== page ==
Techy Thursday - Going The Distance PT 2: Compact Heads

Distance casting generally requires a longer flight time of your loop, and line speed. The longer your loop takes to unroll, the more forward momentum your cast has and the further it will travel. Short heads however turn over sooner, it’s just physics and this limits distance.

Here are a few tips to get a little more air time with your modern, compact spey head.

• learn to drift with a simple backwards and upwards lift of the rod top late into the D loop, simply drift the rod tip up to your final set position by raising your elbows to increase your stroke length for more acceleration. This also brings the larger, stronger muscles of the shoulder into play. Don’t overdo it however and blow your anchor. It doesn’t take much drift to increase your stroke.

• Raise your trajectory on the shoot. Once the head straightens inertia will still pull a bit of running line from your stash, so give it space to do so. A flat trajectory cast will fall and touch down too soon. Its gravity, folks!

• Pullback. Following the stop simply pull the rod tip upwards and backwards a short distance to increase tension on the shoot. Pullback decelerates the bottom leg of the loop and accelerates the top leg of the loop. This also raises the position of the running line and buys you another few feet once you lower the rod.

• Learn to coil line. If you have 40’ of running line simply laying on the water, that’s a lot of water resistance your shoot must combat to free the line and send it back out there. Loop the line in descending sized coils or simply strip several times and clip under the fingers of the bottom hand, then strip a few less times and clip beneath the top hand ( i.e.: seven strips and clip under the bottom hand, then strip five times and strip under the top hand. ) Let this slip from the fingers as the loop pulls forward.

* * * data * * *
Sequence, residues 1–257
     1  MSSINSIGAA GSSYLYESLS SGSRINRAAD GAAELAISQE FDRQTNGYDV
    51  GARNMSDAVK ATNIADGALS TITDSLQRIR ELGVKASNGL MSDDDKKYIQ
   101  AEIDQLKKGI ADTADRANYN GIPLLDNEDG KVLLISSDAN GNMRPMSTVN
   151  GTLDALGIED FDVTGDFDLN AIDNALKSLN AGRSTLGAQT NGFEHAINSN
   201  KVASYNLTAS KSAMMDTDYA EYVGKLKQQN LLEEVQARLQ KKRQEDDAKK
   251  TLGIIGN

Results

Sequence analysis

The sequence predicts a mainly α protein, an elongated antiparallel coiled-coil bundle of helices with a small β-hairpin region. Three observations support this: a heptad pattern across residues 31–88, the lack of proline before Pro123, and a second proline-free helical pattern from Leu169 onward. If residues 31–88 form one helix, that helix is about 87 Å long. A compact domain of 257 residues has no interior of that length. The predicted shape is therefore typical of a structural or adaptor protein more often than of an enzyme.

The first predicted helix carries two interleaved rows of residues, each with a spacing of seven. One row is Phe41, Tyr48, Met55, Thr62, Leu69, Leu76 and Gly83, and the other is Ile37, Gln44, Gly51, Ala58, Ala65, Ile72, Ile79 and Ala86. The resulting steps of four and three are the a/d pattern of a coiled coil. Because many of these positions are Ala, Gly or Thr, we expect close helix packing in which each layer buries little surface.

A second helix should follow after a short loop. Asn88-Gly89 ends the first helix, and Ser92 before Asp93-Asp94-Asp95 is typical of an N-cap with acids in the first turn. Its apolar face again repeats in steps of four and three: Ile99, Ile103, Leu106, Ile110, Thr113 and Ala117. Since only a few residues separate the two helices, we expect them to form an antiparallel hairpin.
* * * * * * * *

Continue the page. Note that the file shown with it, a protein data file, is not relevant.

• Play with overhang. Longer overhang will allow for a longer stroke, deeper rod load and ultimately increase line speed.

• Your 180 degree game must be tight. Your anchor, belly and D should all line up directly with your target, and you should track your rod tip straight forward along the inside of your anchor to send it long, fast and true. Out of parallel loops will never go far.

Bonus Tip from Vaz:

We asked Rene for his top tip for slinging distance with compact heads,

“Keep your stroke short to work with the shorter head, accelerate quickly and ease into a stop to reduce tip bounce. Once you get used to a smooth but short application of power you’ll get these heads singing with very little effort.”

To be fair, I personally don’t often require 80 odd foot casts to cover the positions most fish live in. They’re usually along the drop offs, seams and edges and with careful wading I can usually get closer with a shorter, much more controllable line to manoeuvre throughout the swing. However being able to hit that 80’ cast when needed is a great tool to have in your arsenal, and there’s no disadvantage to becoming a better caster, right?